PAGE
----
Once you have planted your cutting in a 1 gallon pot you are ready to start pumping it. Because you have decided to grow the best herbs in your home town you have chosen to go microbe. Live organic technology is all about knowing what plants and microbes are really all about.

When done properly, the day after you have planted your cutting, the pot should be teaming with life. That is the new and natural way of things. A plant is really only the iceberg above the surface. Many scientific disciplines came together in recent years to focus jointly on understanding the world of soils. Slowly, the findings about what goes on in down under are being applied to commercial agriculture. Perhaps it is time you applied this science to growing better plants and herbs in pots.


It is a Strange World You Are Entering

Lacewing Larval

The Eagle Nebula

Ever gotten really blasted by looking at Hubble space photographs? Well there is a world below our feet that is just as intriguing and foreign to our everyday lives. The small and lowly microbes, work hand in hand with the plants to create herbs that can only be protected and nourished to the max with live organic technology. And the MAX is what this is all about. Most of us think of plants as only taking up nutrients. Few realize that a great deal of the energy from photosynthesis in the leaves is actually used by plants to make organic chemicals which are excreted through their roots. These secretions are known as exudates. These same exudents are the main source of food for fungus and bacteria

The Life In The Soil Creates Soil Nutrients

10,000x. by Sandra Silvers, USDA-ARS

Plant root exudates are mostly carbohydrates and proteins which feeds certain beneficial bacteria and fungi living in the soil.  They live on these exudates. This feeding takes place in the rhizosphere, an area around the roots, extending out a couple of millimeters. The jelly filled rhizosphere, is a constantly changing colony of soil microbes. This life competes for the root exudates, water and mineral content. Anything their tiny bodies don’t need is excreted as wastes, which plant roots are readily able to absorb as nutrients. How convenient that this production of plant nutrients takes place right in the rhizosphere, the site of root-nutrient absorption. Studies indicate that individual plants can control the numbers and the different kinds of fungi and bacteria attracted to the rhizosphere by the exudates they produce.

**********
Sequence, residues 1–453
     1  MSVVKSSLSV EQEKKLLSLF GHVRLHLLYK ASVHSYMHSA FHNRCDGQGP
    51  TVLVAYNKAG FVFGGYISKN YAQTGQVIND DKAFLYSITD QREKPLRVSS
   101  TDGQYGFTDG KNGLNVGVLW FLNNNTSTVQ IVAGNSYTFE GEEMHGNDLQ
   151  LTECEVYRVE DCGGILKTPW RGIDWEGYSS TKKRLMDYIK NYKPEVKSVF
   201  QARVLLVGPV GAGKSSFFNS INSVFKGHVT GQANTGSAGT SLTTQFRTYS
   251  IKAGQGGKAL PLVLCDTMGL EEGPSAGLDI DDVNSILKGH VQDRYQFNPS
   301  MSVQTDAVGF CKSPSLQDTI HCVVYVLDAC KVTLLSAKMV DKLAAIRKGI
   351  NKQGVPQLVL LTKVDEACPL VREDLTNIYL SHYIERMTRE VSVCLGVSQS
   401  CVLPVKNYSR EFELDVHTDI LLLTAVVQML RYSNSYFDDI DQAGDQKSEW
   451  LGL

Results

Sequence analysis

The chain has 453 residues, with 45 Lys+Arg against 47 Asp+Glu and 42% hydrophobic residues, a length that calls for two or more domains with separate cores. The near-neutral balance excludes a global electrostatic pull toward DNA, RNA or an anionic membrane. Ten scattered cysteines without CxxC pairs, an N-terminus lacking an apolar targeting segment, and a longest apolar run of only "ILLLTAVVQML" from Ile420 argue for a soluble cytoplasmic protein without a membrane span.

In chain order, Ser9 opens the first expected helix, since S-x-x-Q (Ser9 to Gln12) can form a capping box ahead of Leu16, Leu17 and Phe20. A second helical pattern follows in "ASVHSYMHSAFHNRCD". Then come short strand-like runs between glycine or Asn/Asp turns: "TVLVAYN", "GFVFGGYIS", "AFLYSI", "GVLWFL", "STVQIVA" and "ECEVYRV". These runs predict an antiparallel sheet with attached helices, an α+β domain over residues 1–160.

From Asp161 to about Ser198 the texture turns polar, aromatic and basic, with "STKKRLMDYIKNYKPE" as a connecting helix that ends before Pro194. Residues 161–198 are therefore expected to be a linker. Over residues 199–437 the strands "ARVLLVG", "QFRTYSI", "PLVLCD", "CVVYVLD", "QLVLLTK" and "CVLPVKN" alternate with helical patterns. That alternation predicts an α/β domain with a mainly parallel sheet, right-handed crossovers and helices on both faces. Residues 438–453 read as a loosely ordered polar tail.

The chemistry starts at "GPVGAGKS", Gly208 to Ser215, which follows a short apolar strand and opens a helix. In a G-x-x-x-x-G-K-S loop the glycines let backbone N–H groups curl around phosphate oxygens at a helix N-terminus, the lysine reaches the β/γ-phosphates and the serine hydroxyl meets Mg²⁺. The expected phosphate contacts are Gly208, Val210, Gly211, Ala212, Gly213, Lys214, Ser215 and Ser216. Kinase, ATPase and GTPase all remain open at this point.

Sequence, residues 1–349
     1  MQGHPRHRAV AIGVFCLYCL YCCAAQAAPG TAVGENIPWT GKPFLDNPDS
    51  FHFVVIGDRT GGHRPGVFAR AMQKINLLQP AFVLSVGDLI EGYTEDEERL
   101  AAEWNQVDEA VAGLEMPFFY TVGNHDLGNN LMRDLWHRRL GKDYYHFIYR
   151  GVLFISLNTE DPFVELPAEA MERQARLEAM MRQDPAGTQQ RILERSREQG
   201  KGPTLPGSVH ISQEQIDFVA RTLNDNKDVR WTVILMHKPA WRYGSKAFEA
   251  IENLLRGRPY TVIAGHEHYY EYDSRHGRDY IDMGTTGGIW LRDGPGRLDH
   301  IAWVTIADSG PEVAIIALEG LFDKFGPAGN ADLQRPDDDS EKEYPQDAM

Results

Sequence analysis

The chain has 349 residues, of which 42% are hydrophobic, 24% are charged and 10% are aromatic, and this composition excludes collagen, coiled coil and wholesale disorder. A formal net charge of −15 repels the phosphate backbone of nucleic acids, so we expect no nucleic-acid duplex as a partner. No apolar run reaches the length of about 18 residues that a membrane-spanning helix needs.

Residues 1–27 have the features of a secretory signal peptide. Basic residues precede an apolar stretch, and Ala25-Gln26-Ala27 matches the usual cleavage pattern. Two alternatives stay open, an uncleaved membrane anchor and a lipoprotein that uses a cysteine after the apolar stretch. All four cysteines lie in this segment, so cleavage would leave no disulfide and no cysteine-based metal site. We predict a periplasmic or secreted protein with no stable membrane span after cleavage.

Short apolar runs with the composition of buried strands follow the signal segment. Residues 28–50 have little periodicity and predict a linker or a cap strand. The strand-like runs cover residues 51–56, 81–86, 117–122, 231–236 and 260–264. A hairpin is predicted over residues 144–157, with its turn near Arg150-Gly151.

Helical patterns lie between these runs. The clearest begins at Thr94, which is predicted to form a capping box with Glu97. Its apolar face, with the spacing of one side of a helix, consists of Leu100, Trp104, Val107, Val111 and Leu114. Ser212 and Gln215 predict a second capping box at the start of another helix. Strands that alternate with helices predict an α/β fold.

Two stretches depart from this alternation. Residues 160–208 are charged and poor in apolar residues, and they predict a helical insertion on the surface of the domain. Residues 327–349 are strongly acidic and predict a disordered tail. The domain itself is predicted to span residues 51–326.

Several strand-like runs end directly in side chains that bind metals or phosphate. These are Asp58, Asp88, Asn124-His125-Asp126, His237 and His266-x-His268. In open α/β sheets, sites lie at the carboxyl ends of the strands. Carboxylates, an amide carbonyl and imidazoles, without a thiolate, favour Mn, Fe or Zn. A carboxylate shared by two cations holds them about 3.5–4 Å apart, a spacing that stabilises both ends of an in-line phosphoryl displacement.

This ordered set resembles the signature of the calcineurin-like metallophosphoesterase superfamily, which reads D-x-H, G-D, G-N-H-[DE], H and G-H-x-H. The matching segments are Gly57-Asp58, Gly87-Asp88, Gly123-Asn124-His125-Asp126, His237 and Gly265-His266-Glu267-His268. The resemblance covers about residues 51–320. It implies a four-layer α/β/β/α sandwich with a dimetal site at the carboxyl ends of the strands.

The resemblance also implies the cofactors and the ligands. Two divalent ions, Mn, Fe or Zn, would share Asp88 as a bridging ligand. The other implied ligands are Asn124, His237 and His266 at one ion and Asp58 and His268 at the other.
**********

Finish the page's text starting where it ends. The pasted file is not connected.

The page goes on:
Bacteria And Fungi Are Bags of Fertilizer

Soil bacteria and fungi are like small bags of fertilizer, retaining in their bodies nitrogen and other nutrients they gain from root exudates and other organic matter. When the bacteria die the bag is opened and the plant root immediately soaks up the readily available nutrients stored inside.

With out this particular process, the most crucial nutrients would drain through the potting soil mix. In a conventional chemically based fertility paradigm, whenever a grower applies a chemical fertilizer, only a little tad strikes the rhizosphere, where by it will be utilized, but a majority of of it goes on to drain from the bottom of the pot. Not so when they are stored within the microorganism’s body, a situation referred to as immobilization occurs. This is when these nutrients are ultimately discharged as waste products, or mineralized.